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Penn National Mutual Casualty Insurance Co. v. Kirson

United States District Court, D. Maryland

May 14, 2019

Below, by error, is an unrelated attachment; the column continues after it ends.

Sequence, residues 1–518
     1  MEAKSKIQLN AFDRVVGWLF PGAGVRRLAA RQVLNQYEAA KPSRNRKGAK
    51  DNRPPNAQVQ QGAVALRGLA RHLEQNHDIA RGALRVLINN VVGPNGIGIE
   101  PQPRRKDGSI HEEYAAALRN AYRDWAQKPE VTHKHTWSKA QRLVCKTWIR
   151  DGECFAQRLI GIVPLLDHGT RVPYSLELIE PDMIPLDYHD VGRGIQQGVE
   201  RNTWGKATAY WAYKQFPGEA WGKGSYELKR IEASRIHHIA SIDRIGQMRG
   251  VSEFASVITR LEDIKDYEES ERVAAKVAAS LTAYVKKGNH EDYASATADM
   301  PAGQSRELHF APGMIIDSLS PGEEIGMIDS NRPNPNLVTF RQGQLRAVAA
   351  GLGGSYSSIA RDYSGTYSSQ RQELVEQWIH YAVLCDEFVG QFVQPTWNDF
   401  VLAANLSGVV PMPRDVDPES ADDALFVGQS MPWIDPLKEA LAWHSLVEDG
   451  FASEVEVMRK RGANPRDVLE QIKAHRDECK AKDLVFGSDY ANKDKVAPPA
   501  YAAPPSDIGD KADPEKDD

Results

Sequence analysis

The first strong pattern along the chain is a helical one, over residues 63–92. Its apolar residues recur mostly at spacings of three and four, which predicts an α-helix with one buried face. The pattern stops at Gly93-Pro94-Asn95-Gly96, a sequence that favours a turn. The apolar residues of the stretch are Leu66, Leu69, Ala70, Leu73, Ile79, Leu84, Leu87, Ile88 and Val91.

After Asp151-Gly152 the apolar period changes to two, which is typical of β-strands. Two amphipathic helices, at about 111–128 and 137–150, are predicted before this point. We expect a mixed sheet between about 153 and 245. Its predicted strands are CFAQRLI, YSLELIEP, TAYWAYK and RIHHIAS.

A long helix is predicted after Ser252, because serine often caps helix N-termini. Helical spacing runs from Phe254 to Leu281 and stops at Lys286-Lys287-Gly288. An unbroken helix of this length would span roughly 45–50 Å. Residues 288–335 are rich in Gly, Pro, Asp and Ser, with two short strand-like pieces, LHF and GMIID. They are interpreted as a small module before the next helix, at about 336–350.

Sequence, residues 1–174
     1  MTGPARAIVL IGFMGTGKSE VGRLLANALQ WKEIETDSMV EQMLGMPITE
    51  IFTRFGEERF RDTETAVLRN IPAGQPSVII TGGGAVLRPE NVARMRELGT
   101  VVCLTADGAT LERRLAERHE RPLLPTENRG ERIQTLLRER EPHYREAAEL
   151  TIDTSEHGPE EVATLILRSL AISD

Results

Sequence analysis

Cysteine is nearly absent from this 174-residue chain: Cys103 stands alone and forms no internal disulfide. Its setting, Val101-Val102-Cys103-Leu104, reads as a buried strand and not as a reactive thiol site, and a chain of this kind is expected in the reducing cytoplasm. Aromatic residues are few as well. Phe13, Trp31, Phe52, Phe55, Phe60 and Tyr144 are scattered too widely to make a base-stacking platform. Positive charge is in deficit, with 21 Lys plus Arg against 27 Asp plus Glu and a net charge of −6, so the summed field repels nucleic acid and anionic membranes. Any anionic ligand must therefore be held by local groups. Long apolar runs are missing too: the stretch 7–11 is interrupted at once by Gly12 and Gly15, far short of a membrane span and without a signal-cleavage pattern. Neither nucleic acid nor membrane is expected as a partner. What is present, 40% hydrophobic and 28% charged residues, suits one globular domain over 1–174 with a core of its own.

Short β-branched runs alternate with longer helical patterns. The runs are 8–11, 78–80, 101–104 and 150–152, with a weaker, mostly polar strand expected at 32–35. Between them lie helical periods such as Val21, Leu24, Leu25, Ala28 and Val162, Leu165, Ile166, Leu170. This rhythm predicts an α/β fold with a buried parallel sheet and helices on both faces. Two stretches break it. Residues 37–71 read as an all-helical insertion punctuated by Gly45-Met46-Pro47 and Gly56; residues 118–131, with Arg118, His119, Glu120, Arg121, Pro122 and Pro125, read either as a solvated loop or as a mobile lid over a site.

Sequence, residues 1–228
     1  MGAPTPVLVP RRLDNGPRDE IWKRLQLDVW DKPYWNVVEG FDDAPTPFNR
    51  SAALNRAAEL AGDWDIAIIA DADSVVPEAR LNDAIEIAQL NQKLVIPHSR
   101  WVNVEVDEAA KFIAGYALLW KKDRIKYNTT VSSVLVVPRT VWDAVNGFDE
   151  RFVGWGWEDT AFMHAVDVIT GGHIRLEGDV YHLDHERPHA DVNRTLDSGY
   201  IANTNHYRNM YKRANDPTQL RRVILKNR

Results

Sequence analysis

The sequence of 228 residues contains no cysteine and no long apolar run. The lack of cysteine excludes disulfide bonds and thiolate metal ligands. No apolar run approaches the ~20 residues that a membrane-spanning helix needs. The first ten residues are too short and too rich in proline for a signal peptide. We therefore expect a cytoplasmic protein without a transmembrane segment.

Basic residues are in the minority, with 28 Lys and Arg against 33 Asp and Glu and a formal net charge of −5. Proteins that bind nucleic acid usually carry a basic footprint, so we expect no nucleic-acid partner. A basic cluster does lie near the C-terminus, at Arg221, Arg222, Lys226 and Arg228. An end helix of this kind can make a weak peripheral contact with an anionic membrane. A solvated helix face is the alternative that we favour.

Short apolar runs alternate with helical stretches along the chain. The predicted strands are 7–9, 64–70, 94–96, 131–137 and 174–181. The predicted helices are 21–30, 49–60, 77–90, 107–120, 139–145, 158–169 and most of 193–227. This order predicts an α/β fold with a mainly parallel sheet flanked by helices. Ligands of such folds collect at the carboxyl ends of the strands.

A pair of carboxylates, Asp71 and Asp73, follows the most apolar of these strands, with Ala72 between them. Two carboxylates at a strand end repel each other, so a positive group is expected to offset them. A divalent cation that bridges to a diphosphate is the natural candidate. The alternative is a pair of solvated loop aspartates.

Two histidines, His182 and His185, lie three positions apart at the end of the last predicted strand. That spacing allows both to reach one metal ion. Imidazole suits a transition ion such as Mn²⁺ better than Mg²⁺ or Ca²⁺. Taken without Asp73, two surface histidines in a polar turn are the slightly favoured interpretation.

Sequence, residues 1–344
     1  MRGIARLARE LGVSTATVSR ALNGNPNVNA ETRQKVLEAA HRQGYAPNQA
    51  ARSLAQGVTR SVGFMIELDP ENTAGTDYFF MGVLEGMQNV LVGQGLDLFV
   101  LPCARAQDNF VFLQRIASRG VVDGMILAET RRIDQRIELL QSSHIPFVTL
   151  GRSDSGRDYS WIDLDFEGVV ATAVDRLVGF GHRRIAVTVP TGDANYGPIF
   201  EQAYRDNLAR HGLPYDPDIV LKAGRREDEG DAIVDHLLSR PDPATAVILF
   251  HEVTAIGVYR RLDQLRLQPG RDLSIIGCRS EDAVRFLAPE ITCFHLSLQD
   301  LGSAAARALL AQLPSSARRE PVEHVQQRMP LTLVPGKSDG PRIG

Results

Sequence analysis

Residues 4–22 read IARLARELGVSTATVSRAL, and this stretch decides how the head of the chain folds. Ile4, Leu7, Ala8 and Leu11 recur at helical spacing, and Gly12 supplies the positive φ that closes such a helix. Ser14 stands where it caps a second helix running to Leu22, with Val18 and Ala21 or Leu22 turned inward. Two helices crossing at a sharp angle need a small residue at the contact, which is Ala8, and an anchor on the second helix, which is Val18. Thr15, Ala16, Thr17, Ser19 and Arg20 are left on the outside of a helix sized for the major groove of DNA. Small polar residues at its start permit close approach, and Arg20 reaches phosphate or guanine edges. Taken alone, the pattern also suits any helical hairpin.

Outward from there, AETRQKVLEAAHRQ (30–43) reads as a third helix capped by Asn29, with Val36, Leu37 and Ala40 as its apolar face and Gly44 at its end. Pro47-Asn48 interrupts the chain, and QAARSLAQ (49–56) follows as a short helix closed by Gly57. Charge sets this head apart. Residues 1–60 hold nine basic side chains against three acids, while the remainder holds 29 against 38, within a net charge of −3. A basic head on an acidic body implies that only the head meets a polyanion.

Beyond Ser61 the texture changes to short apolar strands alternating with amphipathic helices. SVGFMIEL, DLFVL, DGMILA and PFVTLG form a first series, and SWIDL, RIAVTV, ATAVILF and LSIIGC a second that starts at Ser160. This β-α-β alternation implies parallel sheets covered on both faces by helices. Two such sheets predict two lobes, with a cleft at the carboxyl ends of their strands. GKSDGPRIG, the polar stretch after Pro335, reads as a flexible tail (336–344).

Defendants Benjamin L. Kirson and Karen L. Kirson ("the Kirsons") have been found liable by the Circuit Court for Baltimore County, Maryland to Brionna Heckstall, the proposed Intervenor in this case, for $2, 177, 250 stemming from lead-paint exposure that Heckstall suffered while a tenant at the Kirsons' properties located at 2311 Harford Road and 1121 East 20th Street in Baltimore, Maryland. See Heckstall v. Kirson, No. 24-C-15-000776 (Cir. Ct. Bait. Cty. 2015). The Kirsons had an insurance policy ("the Policy") with Plaintiff Pennsylvania National Mutual Casualty Insurance Company ("Perm National") that covered at least one of the properties at issue in Heckstall for some portion of the time that Heckstall lived at that property. Perm National has filed this declaratory judgment action against the Kirsons seeking a court determination of the extent of its obligations under the Policy. Brionna Heckstall has filed a Motion to Intervene, in which she seeks intervention as of right or, in the alternative, permissive intervention. Penn National opposes the Motion. For the reasons set forth below, the Motion will be GRANTED, and Heckstall will be added as an Intervenor Defendant in this action.